Welcome to Scribd. Sign in or start your free trial to enjoy unlimited e-books, audiobooks & documents.Find out more
Standard view
Full view
of .
Look up keyword
Like this
0 of .
Results for:
No results containing your search query
P. 1
Hout Perception

Hout Perception

|Views: 69|Likes:
Credits to Prof. Marian Miguel
Credits to Prof. Marian Miguel

More info:

Published by: Edward Araneta Queipo on Sep 04, 2010
Copyright:Attribution Non-commercial


Read on Scribd mobile: iPhone, iPad and Android.
download as PDF, TXT or read online from Scribd
See more
See less





Involves taking in of information, through the activity of oursense organs responding to external stimulation, followed bythe processing of that information to make sense of what wesee, hear, smell, taste and touch
 A discernment of the nature of objects, their position, shape,size, distance, scent, taste, texture and their meaning
Result when we interpret, organize and elaborate on the rawmaterials of sensation
Five perceptual systems
1. Visual Seeing2. Auditory Listening3. Haptic Touching4. Savor perceptualsystemSmelling and tasting5. Basic orientationalperceptual systemBalance, posture and position of the body and its movements
is the firstawareness of some outsidestimulus
is usually thechanged, biased, colored ordistorted by our unique set of experiences – the personalinterpretations of the realworld
Structuralists vs Gestalt Psychologists
: you addtogether hundreds of basicelements to form complexperceptions. You can work backward to break downperceptions into smaller andsmaller units or elements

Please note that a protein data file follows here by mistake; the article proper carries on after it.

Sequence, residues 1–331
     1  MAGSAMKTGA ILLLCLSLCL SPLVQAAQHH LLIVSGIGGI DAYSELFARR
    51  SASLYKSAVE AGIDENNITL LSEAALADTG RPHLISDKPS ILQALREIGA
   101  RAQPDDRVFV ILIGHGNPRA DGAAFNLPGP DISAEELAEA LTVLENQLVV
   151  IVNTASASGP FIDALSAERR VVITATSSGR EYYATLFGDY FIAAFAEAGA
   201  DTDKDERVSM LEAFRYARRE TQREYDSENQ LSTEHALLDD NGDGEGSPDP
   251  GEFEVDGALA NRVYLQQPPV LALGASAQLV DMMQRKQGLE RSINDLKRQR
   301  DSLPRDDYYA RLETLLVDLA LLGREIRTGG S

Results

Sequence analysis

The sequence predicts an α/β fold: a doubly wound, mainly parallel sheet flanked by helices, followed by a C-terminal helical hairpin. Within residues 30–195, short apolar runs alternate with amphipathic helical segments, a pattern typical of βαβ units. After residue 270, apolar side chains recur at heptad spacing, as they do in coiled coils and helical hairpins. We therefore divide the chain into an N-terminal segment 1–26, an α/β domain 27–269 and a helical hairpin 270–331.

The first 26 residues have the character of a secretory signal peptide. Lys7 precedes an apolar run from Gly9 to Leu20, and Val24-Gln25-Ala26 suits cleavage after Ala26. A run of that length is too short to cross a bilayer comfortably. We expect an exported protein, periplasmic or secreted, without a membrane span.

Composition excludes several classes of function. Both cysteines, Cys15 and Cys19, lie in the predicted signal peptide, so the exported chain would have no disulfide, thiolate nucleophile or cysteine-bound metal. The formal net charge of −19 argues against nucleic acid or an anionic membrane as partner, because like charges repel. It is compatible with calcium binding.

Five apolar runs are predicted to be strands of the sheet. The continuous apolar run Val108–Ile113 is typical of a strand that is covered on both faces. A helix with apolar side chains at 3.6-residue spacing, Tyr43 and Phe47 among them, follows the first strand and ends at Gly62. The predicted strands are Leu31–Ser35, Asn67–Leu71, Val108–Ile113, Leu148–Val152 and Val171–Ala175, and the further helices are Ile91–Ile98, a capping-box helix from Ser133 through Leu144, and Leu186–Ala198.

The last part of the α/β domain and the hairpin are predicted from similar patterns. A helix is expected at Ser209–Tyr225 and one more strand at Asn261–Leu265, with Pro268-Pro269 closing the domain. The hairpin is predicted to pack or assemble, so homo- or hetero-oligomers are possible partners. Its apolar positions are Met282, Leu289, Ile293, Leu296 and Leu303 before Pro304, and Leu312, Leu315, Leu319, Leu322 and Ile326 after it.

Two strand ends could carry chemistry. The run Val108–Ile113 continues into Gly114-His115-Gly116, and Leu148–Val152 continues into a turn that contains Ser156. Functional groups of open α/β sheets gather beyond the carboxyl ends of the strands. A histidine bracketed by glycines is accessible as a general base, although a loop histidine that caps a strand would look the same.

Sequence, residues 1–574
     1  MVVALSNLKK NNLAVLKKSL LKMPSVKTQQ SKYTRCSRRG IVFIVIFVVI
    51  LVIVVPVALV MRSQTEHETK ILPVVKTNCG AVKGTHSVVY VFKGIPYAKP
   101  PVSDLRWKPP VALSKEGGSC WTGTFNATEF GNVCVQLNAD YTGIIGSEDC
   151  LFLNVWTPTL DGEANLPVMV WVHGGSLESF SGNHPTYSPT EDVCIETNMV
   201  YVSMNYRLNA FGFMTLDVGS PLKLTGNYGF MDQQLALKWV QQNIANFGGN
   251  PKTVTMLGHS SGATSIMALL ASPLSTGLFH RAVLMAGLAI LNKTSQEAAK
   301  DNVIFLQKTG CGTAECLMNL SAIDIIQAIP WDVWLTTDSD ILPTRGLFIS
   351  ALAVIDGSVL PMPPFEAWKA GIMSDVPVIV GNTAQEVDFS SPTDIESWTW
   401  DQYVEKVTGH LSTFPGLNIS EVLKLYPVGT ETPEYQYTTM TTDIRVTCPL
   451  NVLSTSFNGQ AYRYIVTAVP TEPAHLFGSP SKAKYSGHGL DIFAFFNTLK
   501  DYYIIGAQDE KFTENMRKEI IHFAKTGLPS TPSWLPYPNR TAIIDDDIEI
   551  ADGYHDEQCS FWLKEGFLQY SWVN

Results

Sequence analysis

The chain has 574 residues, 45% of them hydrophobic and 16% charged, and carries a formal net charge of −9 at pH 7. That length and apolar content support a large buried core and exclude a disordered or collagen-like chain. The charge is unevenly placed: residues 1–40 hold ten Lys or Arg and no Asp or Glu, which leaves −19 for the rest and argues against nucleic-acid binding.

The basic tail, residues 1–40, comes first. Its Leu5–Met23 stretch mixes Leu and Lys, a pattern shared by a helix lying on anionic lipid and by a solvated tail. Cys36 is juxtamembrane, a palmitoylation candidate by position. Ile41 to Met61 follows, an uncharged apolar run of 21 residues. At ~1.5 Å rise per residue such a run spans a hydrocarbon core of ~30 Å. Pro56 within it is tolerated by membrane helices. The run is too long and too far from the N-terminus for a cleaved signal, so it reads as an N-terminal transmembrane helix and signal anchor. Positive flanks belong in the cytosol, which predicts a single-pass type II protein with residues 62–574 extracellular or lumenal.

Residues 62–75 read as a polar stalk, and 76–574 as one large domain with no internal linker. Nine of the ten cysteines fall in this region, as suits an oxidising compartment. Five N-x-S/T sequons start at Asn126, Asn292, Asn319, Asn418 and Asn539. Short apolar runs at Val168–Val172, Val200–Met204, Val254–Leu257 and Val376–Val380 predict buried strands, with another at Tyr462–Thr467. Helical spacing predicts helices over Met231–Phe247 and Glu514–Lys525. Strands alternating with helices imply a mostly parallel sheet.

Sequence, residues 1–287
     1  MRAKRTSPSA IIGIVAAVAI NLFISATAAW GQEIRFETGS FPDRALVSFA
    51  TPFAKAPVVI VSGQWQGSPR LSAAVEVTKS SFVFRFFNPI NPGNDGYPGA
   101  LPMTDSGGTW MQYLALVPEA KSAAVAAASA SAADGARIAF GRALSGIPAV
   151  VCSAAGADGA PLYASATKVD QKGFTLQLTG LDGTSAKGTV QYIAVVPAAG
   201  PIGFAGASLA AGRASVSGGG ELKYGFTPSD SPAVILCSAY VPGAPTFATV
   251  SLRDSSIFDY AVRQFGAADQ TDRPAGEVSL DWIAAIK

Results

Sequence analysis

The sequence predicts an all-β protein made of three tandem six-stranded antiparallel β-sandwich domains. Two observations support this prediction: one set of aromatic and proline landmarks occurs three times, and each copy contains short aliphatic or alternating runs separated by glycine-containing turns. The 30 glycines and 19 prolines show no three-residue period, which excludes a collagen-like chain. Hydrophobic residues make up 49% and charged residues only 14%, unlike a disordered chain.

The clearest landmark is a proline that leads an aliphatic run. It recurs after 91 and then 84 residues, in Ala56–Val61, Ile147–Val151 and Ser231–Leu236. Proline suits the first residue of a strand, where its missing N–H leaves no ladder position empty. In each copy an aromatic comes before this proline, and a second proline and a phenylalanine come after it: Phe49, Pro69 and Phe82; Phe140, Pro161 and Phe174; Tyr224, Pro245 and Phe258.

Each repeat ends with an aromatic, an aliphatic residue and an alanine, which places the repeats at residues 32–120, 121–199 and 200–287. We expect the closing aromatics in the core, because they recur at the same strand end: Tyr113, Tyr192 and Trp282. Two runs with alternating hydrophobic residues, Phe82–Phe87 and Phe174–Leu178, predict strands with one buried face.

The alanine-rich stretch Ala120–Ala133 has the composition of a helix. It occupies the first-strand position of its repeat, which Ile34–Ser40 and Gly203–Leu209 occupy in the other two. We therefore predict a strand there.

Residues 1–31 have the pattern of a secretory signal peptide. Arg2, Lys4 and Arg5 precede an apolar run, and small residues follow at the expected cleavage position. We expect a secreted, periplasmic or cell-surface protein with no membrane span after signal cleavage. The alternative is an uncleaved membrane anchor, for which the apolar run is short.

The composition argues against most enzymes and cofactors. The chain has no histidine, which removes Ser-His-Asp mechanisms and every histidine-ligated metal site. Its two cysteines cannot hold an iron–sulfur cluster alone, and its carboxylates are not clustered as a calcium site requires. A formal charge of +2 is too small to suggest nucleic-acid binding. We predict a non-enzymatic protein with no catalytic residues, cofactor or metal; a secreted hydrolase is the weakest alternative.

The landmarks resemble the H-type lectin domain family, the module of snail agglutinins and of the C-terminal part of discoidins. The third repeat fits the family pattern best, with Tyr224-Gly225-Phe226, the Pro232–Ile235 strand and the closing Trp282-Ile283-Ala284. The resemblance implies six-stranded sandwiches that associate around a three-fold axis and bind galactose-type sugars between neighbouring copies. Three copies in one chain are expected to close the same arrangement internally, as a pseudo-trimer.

Gestalt Psychologists
:our brains follow a set orrules that specify howindividual elements were tobe organized into ameaningful pattern
Gestalt Psychologists won the debate
Personal perceptual experiences
Forming perceptions involved more than adding andcombining elements. Our brains actually did follow a set of rules.
Least amount that can elicit a responsePoint in above in which a stimulus is perceived and belowwhich it is not perceivedDetermines when we first become aware of a stimulus
Gustav Fechner
absolute threshold
as thesmallest amount of stimulus energy that can be observedunder the same conditionsHowever, he found out that individual’s threshold was notabsolute and in fact, differed depending on the subject’salertness and test situation.
: intensity levelof a stimulus such that a person will have a 50% chance of detecting it
Subliminal stimulus
Has an intensity that gives the person a less than 50%chance of detecting it
JND refers to the smallest increase or decrease in theintensity of a stimulus that a person is able to detect
Weber’s Law
The increase in intensity of a stimulus needed to produce aJND grows in proportion to the intensity of the initial stimulus
100% chance of hearing messageAbsolute threshold:50% chance of hearing messageSubliminal stimulus:0-49% chance of hearing messageIncreasing intensity
Higher intensities: you need a largerdifference to detect JNDLower intensities: you need onlysmall differences to detect JND
Identified by Gestalt PsychologistsSpecified how our brains combine and organize individualpieces or elements into a meaningful perception
We automatically distinguish between a subject and itsbackground. The figure will stand out more than thebackground
We tend to organize stimuli that appear similar, even if there isno relationship.